Whenever I meet a newspaper headline like “Husband kills wife”, I feel the sub-editor is trying to spoon-feed me. For, if the victim is the culprit’s wife, I need no ghost to tell me that the culprit is the husband.
The question is thus glaring: Why should a newspaper try to sell to me something which I already have? Please credit the reader with some intelligence. Please say: “Husband kills woman”, or simply: “Man kills wife”. Collins, my word consultant, defines a husband as “a woman’s partner in marriage”. Fine — though I doubt whether any member of a homosexual union will accept such a definition.
However, any liberated person — any woman or man with a gender-sensitive nose — can catch the whiff of male chauvinism in such a statement. The whiff becomes a full olfactory blast as soon as Collins informs us that the verb “to husband” means “to use (resources, finances, etc.) economically...” The adjective olfactory comes from the Latin olere (to smell) and facere (to do, to work, to cause) — the nose being your special olfactory organ.
The assumption throughout liberal Christendom, then, is that the husband is the owner and deployer of all of the household’s wherewithal. Given the world’s marital structure, that is, of course, the hideous truth.
In one of Chinua Achebe’s works of fiction, an incorrigibly chauvinistic male character claims that a child can be “manufactured” only after a man has climbed on top of a woman. Apparently — like bigots of other kinds the world over — Okonkwo knows no other style.
Thus the blandness with which Collins defines husband places the lexicographer squarely in the male chauvinist pigsty. For he goes on to define husbandry as “...the art or skill of farming (and) management of resources...” In context, such a statement declares that women are genetically incapable of such art and skills.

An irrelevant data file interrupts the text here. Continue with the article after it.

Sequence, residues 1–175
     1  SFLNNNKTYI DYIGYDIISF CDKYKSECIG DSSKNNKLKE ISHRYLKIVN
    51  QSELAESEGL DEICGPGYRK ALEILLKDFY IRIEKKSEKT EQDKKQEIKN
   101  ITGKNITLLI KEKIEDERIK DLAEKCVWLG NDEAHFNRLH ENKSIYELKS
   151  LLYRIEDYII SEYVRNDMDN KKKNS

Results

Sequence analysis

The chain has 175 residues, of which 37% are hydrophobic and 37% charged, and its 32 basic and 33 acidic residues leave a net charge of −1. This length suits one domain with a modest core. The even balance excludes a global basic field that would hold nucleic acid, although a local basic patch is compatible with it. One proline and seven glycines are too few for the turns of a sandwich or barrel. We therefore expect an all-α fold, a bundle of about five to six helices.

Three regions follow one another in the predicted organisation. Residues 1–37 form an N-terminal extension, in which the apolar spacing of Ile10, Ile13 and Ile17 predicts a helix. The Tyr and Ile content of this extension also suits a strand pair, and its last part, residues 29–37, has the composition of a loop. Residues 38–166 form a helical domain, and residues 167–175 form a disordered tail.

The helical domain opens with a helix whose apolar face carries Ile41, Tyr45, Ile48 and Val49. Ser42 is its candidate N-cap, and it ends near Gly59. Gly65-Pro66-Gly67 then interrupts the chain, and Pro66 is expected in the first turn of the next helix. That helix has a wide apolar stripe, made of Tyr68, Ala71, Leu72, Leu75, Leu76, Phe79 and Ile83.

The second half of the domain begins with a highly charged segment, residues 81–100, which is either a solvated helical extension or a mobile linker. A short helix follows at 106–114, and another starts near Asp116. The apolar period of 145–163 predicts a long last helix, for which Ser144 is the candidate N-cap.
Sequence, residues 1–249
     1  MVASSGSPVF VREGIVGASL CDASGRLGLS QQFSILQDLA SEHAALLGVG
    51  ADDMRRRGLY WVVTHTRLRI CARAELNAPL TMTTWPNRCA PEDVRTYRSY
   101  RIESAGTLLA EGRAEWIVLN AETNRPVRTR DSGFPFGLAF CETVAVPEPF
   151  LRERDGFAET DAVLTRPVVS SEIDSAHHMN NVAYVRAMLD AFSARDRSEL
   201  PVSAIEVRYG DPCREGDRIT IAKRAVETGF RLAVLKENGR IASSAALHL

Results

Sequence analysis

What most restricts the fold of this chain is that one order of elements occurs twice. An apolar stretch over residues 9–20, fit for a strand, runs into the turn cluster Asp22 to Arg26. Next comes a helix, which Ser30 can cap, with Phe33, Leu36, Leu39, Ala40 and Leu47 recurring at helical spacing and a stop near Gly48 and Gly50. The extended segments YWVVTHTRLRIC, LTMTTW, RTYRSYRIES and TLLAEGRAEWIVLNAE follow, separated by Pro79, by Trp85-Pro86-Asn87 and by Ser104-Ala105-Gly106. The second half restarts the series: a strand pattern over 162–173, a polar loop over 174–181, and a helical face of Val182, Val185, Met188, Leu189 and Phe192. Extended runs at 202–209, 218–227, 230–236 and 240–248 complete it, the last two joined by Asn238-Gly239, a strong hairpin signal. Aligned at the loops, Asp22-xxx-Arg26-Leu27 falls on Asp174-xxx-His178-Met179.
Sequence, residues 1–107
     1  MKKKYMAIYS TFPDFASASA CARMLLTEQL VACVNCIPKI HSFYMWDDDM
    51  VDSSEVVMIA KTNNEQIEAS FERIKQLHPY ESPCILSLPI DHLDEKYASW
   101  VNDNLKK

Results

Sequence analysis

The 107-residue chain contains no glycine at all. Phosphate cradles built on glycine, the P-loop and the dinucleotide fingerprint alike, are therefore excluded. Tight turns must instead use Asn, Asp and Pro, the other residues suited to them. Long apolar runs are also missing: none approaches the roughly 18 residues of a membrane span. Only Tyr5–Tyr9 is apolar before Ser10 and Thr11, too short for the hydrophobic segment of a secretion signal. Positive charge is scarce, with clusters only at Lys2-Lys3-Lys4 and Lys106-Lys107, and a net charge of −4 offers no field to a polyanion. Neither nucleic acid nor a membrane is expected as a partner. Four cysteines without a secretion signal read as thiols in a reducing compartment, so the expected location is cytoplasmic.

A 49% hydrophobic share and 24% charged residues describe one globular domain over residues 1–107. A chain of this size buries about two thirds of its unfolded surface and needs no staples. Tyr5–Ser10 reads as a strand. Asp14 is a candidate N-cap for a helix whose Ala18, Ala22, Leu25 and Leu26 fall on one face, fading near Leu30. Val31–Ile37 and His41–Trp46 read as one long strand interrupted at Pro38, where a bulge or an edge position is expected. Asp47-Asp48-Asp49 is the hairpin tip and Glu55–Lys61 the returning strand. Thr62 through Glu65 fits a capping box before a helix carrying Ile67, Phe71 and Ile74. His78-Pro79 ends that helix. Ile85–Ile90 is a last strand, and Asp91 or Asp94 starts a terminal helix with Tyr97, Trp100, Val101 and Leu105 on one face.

Yet, in the very Western corporate family which once upon a time gave the world these English words, women not only have steadily taken over from men the office of principal bread winner but also retained and intensified their mastery of and governance over domestic arrangements, providence, surveillance and aesthetics.
Mr Andrew – a name derived from the Hellenic Greek word andros, which meant “man” (as opposed to “woman”) — has had to yield ground everywhere ever since the Suffragettes gave notice to Western European and North American men that women had burst their Mediaeval cocoons and would no longer play second fiddle in both domestic and socio-political management. Some of them — like England’s Margaret Thatcher — were so serious that, by the time they climbed to the highest political office in the land, they no longer had any qualms about causing certain male coxcombs — both in her bedroom (like the hapless Mr Thatcher) and in her cabinet – to scramble like rats at the sudden sight of a tomcat.
No, to husband — from the Old English husbonda — nowadays means merely to nurture, a task of which, compared with men, women are normally the nonpareil.
Philip Ochieng is a veteran journalist